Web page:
Saturday, 15 November 2014

Sunday 15 November 1964

Tonight, we join Stingray out and about, pursued by a funny little submarine that fires a torpedo at it, causing much perspiration for Troy Tempest and Phones (I thought I'd show you a picture of Phones sweating this week, for a change).

The torpedo scores a direct hit, but it turns out that it was just a test, the other craft being piloted by...

...also known as Jacques Jordan (and that's the World Navy, in case you were wondering.  Jordan is French, which means, of course, that he's a devil with the ladies.  And that he pronounces Navy "Nay-VEE".

Atop a high cliff not far from where the tests are taking place is the hideout of the silver-skinned Peter Lorre impersonator Agent X20, who reports to his boss Titan (you may remember these two from the show's first episode) that "The missile would be an invaluable asset in your war against Troy Tempest and Stingray."  X20 determines to get hold of it.

Meanwhile, back at Marineville, Atlanta Shore is assisting Marina in planning a dinner party.

The guests are Phones, Troy and Jordan, who spends the whole evening smooth-talking Atlanta, much to Troy's ire (it's his own fault for paying more attention to Marina, if you ask me.

Even Marina's new outfit and hairdo don't break the tension.  Eventually, Troy decides he's had enough: "We're with it in the WASPs too, you know!" he yells, before angrily driving off in his snazzy sports car.

The next day, Marina receives a modest bunch of flowers from Troy to apologise for his behaviour the previous eveming.

Atlanta, meanwhile, gets an enormous one from Jordan.  There is nothing about the below image that isn't amazing.

During the next round of tests, Jordan's ship is hi-jacked by Titan's henchcreatures, who force him to arm his torpedo prior to sending it after Stingray.  He tries to warn Troy about what's happening via the medium of bad puns: "FIRED is the right word, Tempest.  This one is going to be DEAD on arrival."

The warning proves a bit too oblique, but luckily, Stingray manages to swerve the torpedo this time.  Troy threatens to blow up Jordan's sub and the Aquaphibians scarper, making it look like Jordan acted alone.  Commander Shore prepares to court-martial him, but Troy and Phones arrive to clear him, having spotted the fishmen's craft and blown it up.

Jordan may be exonerated of trying to murder Troy, but Commander Shore nonetheless brands him a coward for surrendering to the Aquaphibians' request (it's hard not to read a World War Two subtext into this), and Atlanta decides she prefers Troy to that dandified braggart after all.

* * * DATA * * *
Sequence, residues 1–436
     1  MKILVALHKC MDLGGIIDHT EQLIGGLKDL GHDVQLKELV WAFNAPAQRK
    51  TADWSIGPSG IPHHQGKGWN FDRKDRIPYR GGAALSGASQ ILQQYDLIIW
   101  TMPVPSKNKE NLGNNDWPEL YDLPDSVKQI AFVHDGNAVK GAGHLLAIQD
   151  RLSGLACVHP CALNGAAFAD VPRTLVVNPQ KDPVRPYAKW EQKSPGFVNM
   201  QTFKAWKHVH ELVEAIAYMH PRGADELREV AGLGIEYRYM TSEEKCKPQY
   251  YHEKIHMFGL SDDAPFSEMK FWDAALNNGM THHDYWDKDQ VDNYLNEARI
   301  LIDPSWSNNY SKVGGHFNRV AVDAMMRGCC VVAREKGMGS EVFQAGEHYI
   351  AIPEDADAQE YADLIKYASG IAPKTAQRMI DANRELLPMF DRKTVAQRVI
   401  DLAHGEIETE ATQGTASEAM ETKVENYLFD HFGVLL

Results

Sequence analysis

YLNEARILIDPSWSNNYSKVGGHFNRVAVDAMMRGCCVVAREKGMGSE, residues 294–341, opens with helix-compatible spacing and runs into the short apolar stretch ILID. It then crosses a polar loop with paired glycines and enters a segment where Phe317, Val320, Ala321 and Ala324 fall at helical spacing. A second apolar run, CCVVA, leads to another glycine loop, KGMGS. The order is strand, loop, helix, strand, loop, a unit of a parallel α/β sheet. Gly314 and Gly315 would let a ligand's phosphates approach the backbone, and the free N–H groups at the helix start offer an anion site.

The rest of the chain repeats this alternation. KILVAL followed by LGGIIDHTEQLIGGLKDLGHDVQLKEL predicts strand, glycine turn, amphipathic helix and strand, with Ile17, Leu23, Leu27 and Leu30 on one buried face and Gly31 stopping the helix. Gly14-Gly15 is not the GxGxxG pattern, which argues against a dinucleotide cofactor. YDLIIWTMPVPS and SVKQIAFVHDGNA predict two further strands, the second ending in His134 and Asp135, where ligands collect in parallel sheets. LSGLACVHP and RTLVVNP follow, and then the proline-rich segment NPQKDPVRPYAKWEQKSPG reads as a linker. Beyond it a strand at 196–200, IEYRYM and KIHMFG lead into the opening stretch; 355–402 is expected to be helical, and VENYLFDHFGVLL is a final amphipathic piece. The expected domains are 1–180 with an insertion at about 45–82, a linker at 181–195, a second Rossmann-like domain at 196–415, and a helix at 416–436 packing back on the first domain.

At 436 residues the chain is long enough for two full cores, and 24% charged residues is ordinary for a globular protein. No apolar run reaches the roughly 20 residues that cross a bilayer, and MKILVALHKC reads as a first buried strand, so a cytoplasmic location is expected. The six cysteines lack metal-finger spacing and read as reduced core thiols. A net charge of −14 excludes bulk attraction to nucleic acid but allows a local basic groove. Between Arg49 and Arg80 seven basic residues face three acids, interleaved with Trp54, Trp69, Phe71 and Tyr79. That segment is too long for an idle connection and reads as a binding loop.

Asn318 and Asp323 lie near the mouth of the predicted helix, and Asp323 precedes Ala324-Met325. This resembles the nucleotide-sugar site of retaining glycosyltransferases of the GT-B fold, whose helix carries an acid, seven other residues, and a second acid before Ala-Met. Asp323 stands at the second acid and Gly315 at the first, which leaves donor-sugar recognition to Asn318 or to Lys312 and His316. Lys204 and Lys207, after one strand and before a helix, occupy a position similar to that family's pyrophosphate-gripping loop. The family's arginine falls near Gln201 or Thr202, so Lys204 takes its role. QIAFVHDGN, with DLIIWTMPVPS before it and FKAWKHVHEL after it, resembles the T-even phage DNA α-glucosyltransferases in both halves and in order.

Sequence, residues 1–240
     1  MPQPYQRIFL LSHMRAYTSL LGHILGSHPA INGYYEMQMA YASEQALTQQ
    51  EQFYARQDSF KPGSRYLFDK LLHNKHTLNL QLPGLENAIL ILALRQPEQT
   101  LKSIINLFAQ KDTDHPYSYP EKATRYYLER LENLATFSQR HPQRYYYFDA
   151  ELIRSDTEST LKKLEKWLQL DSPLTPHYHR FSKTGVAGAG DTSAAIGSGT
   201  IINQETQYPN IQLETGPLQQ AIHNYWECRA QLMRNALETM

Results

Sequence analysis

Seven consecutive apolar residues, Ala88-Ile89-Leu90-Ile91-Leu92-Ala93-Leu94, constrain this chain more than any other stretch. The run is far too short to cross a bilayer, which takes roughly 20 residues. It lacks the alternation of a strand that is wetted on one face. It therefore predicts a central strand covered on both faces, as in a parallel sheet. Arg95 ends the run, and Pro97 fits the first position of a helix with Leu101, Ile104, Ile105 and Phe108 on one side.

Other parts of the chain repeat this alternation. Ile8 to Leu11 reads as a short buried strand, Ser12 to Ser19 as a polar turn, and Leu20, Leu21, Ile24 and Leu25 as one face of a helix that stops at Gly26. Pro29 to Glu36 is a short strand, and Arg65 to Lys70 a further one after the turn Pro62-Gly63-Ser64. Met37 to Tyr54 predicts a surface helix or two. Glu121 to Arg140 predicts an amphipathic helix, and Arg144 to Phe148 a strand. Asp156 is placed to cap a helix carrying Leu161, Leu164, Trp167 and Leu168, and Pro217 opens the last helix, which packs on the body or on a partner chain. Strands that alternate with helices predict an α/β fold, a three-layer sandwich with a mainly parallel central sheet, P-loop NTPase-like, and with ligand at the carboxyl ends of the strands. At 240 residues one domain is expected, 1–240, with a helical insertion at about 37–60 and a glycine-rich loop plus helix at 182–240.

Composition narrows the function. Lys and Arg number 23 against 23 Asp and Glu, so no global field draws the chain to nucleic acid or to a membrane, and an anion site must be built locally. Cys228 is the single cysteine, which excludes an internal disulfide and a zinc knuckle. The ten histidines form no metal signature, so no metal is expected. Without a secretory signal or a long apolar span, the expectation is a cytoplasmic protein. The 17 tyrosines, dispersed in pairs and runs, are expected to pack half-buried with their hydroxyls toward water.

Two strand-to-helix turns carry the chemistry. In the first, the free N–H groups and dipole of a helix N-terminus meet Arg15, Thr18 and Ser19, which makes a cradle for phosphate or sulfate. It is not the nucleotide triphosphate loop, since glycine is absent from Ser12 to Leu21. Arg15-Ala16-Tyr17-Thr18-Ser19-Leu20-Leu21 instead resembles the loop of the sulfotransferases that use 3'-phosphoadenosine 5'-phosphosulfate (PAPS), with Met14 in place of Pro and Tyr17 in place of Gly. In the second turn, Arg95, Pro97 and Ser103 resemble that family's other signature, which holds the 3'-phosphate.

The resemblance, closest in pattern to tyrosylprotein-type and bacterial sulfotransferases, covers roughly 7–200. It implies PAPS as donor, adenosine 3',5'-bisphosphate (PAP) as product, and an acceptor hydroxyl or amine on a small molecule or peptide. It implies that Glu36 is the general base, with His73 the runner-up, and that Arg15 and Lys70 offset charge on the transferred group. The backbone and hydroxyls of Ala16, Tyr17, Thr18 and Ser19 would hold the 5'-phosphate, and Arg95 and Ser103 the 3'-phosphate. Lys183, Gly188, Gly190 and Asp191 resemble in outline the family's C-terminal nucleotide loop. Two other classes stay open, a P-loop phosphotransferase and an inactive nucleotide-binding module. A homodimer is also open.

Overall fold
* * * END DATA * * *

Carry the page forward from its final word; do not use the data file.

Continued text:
Next tonight, a special Armchair Theatre production of one of the best-known plays in the English language.  I'll assume that my readers are familiar with its complexities of plot and felicities of dialogue, and focus on the specifics of this version.

The Aubrey Beardsley-inspired images that accompany the opening titles are reflected in the paintings which cover every wall of Algernon Moncrieff's abode.  Patrick Macnee as Algernon and Ian Carmichael as Jack "Ernest" Worthing give exactly the performances you'd expect them to, and as such are great fun.  So is Pamela Brown, giving a subtle, unmannered performance as Lady Bracknell (her delivery of "A handbag?" is a gasp of astonishment) - a much more attractive figure here than the gorgon she's usually depicted as.  Fenella Fielding seems like ideal casting as Gwendoline: for one thing she's as close a vocal match for Joan Greenwood, who played the character in the 1952 film, as you could get, and for another she resembles Pamela Brown enough for the script's hints that she'll turn out exactly like her mother to hit home.  Unfortunately, her performance in the first act is far too broad, overshooting the archness required by the text and coming to earth squarely in the realms of panto.  Happily, she calms down in time for Gwendoline's glorious verbal duel with Susannah York's Cecily.  York is fantastic, giving the role the exact combination of innocence and worldliness it requires.  We first see her on film, romping about in the countryside in images of pastoral loveliness sadly marred by the poor quality of the surviving print.  Also unfortunate is the decision to shoot the early scenes at Jack's country property on film - the combination of Wilde's consciously artificial dialogue and the real outside world just doesn't work.  What's more, Irene Handl, as Miss Prism, has a nightmare with her lines, at one point referring to "political comedy" instead of "political economy".  Her performance throughout is disappointingly stiff, as is Wilfrid Brambell's as Dr Chasuble.  Charles Lloyd Pack is cast as Merriman, which means he has little to do except look pained.

Sadly, the combination of cast and play sounds a lot better than it actually turns out to be.

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